Earlier in the week I went grocery shopping. It wasn’t that the cupboards were completely bare, far from it, but certain teenagers couldn’t find the snacks of their preference and they were beginning to protest: “There’s nothing to eat!”
I did an Aldi run! I don’t know if you have Aldi where you live, or something equivalent, but Aldi is an extremely low cost grocery store. In order to keep their prices low it’s a pretty bare bones experience. The grocery carts are kept chained together outside. In order to get one you have to insert a coin into a metal slot. Later when you return your cart the coin pops back out. The food is kept in cases on basic metal shelving. You put your choices into your cart and then onto the conveyer belt for the check out clerk to scan it. When they’re done doing that they throw it into your cart again. If you want it bagged or boxed you do that yourself, later, over to the side, out of the way.
On Tuesday morning, as I arrived at the store, I began my routine rummage for a quarter, the magic coin that will unlock the all-important cart. (For the record Canadian quarters or Indian 1 rupee coins don’t work. I’ve tried!) My specially reserved quarter had been stolen (probably by the same “hungry” teenager). I searched in the bottom of my purse, in the car’s cupholders, under the seats. Finally I found one. With coat zipped to my chin and a tightly pinched quarter between my be-gloved fingers, I made my way toward the carts.
There was a bit of a ruckus at the cart stop. It seems someone, long gone before, had left their quarter in the slot. They had not taken the coin with them. How scandalous! One lady pulled that particular cart out of the way. “I can’t take this one. I have a quarter,” she snorted. The gentleman behind her, clearly a little confused, started mumbling, “I don’t need that. I’m okay. I have a quarter.” Another elderly lady, just shook her head, back and forth, perplexed. Someone approaching shouted to the gathering cart seekers, “I don’t need that. I have my own quarter.”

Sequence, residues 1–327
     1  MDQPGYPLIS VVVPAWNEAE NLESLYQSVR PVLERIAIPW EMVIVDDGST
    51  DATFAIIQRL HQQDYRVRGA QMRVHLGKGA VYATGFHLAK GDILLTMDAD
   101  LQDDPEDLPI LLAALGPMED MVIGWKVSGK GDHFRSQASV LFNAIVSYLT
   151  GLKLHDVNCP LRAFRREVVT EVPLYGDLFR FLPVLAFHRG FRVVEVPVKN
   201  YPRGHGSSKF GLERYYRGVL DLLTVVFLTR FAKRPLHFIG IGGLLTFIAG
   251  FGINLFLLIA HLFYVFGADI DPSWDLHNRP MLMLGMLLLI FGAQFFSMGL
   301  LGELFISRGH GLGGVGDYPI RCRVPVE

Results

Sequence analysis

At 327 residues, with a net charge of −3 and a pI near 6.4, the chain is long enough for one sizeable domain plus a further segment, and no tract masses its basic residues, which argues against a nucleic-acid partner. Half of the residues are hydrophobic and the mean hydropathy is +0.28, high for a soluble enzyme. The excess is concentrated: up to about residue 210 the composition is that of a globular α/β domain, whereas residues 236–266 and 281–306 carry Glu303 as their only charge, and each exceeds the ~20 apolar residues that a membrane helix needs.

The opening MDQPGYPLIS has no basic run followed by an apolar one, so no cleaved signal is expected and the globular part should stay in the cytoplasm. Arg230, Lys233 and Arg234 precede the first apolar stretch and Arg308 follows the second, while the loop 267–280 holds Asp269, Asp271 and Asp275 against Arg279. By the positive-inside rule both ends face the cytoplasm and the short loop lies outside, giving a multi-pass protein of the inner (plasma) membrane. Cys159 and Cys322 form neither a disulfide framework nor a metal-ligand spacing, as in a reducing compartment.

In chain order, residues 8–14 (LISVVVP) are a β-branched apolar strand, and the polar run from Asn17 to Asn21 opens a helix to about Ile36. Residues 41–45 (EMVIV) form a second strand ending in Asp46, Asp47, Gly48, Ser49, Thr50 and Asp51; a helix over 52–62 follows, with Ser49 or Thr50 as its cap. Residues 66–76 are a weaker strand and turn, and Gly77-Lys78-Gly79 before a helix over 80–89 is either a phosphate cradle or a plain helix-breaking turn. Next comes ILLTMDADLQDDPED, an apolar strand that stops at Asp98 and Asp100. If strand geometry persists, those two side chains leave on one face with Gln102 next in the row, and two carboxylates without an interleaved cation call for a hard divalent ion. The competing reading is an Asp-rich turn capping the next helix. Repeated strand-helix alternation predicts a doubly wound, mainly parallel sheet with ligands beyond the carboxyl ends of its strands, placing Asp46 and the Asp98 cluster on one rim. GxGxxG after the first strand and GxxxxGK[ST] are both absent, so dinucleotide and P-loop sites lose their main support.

It was beginning to be a bit ridiculous! With my silver quarter obviously out and ready since leaving the car, I wasn’t sure what to do. I put my gloved hand in my pocket and bravely declared, “Well, I have a quarter too, but I’m happy to receive this!” It broke the independence ice. People started laughing and chuckling. Suddenly there was community in the air. And a little joy.
People here in the Midwest are very proud of their independence. We don’t need anything from anybody. We take care of our own. Asking for help is a sure sign of weakness. Midwesterners never want to appear needy or insufficient. These are a proud independent people.
In times of disaster—an earthquake, a prairie fire gone out of control—the people of the Tall Grass are undeniably the first to generously step up to help. Tell us what you need and we’ll be there; quickly, with a casserole, and cleaning supplies. We love to give. We love to help.
But on the other side, receiving from others seems to be a difficult thing for the people of the prairies.
True community is formed in the give and take of life. As we reach out to one another, and let others reach out to us, there is a depth of friendship and strength of relational network formed. It’s beautiful. It’s winsome. I would argue, it’s essential!
I remember an old song we used to sing, The Servant Song. The words went like this:
Brother, let me be your servant.
Let me be as Christ to you.
Pray that I might have the grace
To let you be my servant, too.
We are pilgrims on a journey.
We are brothers on the road.
We are here to help each other
Walk the mile and bear the load.
Recently I was convicted of independence. A family member offered to change the oil in our car. It was a very kind offer, one we weren’t expecting, nor deserving. I was tempted to blow it off and say no. In some ways it would have been easier to take it down to the Jiffy Lube and pay a stranger to do it. But here was someone offering to be our servant in this simple task. I felt in me the quiet voice of God saying I should receive. I should say yes. I should accept the gift. Let this person do this. It was important for my soul. It was also important, somehow, for his.
Receiving from others is humbling and quieting. It makes us feel small and needy. Receiving from others is also a sweet sacrament. We admit our humanity. We admit our need. We have a moment to see that we cannot do it alone.
Put your quarters away. Receive the gift. Push the cart with your head held high. There is no shame in receiving from others. Ask for the gift to be occasionally in need. Pray for the grace to let others minister to you and meet those needs. Refuse the temptation to believe that independence is strength. In the grand metaphor of life we are all weak and frail. We need each other.
What about you? Do you feel weak when you need help? Do you struggle accepting gifts of grace? Would love to hear from you through the comments.
Picture Credit: http://pixabay.com/en/shopping-cart-shopping-supermarket-58863/